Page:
Strabismus and Amblyopia

Strabismus refers to misaligned eyes. Esotropia (crossed eyes) occurs when the eyes turn inward. Exotropia (wall-eye) occurs when the eyes turn outward. When one eye is higher than the other, it is called hypertropia (for the higher eye) or hypotropia (for the lower eye). Strabismus can be subtle or obvious, and can occur occasionally or constantly. It can affect one eye or shift between the eyes.

Strabismus usually begins in infancy or childhood. Some toddlers have accommodative esotropia. Their eyes cross because they need glasses for farsightedness. But most cases of strabismus do not have a well-understood cause. It seems to develop because the eye muscles are uncoordinated and do not move the eyes together. Acquired strabismus can occasionally occur because of a problem in the brain, an injury to the eye socket, or thyroid eye disease.

When young children develop strabismus, they typically have mild symptoms. They may hold their heads to one side if they can use their eyes together in that position. Or, they may close or cover one eye when it deviates, especially at first. Adults, on the other hand, have more symptoms when they develop strabismus. They have double vision (see a second image) and may lose depth perception. At all ages, strabismus is disturbing. Studies show school children with significant strabismus have self-image problems.


Amblyopia is poor vision in an eye that did not develop normal sight during early childhood. This condition, sometimes referred to as lazy eye, can run in families. The main causes of amblyopia are strabismus, refractive errors, or cloudiness of the eye tissues.

Amblyopia affects about 3-4 out of every 100 people. The best time to correct it is during infancy or early childhood, because after the first nine years of life, the visual system is normally fully developed and usually cannot be changed. It is recommended that children have their eyes and vision monitored by their primary care physician at their well-child visits. If there is a family history of amblyopia, children should be screened by an ophthalmologist.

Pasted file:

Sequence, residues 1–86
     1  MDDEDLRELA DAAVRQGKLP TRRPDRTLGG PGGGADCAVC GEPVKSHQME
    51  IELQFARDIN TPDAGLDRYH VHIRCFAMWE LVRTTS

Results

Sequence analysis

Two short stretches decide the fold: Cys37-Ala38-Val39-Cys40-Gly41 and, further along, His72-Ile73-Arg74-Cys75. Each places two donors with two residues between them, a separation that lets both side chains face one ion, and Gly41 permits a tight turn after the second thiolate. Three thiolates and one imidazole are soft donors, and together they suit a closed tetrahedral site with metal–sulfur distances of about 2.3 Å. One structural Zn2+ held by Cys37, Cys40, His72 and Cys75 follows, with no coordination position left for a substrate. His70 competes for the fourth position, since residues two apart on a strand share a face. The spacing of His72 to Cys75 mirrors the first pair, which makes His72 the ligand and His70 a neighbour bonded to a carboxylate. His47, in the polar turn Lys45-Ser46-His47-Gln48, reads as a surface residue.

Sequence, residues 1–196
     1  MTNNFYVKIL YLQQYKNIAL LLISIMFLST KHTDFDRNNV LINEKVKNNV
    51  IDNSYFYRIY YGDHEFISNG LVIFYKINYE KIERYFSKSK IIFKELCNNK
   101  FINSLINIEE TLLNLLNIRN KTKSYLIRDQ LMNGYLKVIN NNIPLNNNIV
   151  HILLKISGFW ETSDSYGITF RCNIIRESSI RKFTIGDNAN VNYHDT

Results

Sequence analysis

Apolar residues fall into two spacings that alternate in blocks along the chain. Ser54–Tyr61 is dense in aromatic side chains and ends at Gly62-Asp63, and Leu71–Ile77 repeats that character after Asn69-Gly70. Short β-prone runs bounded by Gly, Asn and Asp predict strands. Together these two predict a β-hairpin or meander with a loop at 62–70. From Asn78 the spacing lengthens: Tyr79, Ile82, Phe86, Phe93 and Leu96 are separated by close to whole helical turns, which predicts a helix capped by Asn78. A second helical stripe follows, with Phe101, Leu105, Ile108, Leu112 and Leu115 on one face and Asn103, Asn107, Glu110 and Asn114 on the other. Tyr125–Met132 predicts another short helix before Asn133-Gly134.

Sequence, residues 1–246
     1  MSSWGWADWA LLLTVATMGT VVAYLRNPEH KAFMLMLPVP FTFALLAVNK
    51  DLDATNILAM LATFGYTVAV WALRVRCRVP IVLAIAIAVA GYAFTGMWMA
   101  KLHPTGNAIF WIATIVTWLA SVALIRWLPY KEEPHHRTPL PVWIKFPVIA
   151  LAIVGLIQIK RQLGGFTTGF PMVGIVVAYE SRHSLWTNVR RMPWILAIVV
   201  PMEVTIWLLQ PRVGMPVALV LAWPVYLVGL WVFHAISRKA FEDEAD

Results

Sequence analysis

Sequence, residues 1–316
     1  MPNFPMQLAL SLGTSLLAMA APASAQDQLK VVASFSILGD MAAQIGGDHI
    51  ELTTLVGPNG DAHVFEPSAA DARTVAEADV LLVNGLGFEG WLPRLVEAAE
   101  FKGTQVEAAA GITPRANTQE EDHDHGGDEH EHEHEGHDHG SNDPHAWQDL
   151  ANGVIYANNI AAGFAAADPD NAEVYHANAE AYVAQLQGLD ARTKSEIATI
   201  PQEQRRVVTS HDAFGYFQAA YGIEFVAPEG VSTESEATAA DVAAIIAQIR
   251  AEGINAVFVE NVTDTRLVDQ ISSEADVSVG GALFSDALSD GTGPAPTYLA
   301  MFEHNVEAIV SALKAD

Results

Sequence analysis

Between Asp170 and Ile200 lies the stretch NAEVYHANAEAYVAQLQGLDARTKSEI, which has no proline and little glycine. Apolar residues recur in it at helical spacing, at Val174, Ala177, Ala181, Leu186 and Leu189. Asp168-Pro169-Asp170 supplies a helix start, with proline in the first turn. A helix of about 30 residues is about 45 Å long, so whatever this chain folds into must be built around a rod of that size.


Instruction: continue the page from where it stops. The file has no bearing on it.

, or misaligned eyes, is the most common cause of amblyopia. The eye that is misaligned is ignored by the brain and turns off. A refractive error (meaning an eye is nearsighted, farsighted, or has astigmatism) is another cause of amblyopia. If one eye has a very different refractive error from the other eye, or if both eyes have a very strong refractive error, amblyopia can develop in the eye or eyes that are out of focus. The most severe form of amblyopia occurs when cloudiness of the eye tissues prevents any clear image from being processed. This can happen in conditions such as infantile or developmental cataracts.

Amblyopia is detected by finding a difference in vision between the two eyes or poor vision in both eyes. The ophthalmologist will also carefully examine the eyes to see if other eye conditions are causing decreased vision.

Amblyopia is treated by forcing the brain to use the affected eye or eyes. If refractive errors are present, they are corrected with eyeglasses or, less commonly, with contact lenses or refractive surgery. If a cataract or other cloudiness is present, surgery may be necessary to clear the line of sight. Strabismus may require surgery before, during, or after the amblyopia treatment. Patching or blurring the sound eye is then used to improve the vision by forcing the brain to recognize and process information from the affected eye or eyes. Once maximum vision has been obtained, treatment often needs to be continued at least part time for months to years to maintain the recovered vision. The earlier the treatment is begun, the more successful it will be.

(lazy eye) is closely related to strabismus. Children learn to suppress double vision so effectively that the deviating eye gradually loses vision. It may be necessary to patch the good eye and wear glasses before treating the strabismus. Amblyopia does not occur when alternate eyes deviate, and adults do not develop amblyopia.

Strabismus is often treated by surgically adjusting the tension on the eye muscles. The goal of surgery is to get the eyes close enough to perfectly straight that it is hard to see any residual deviation. Surgery usually improves the conditions though the results are rarely perfect. Results are usually better in young children. Surgery can be done with local anesthesia in some adults, but requires general anesthesia in children, usually as an outpatient. Prisms and Botox injections of the eye muscles are alternatives to surgery in some cases. Eye exercises alone are rarely effective when large degrees of strabismus or amblyopia are present.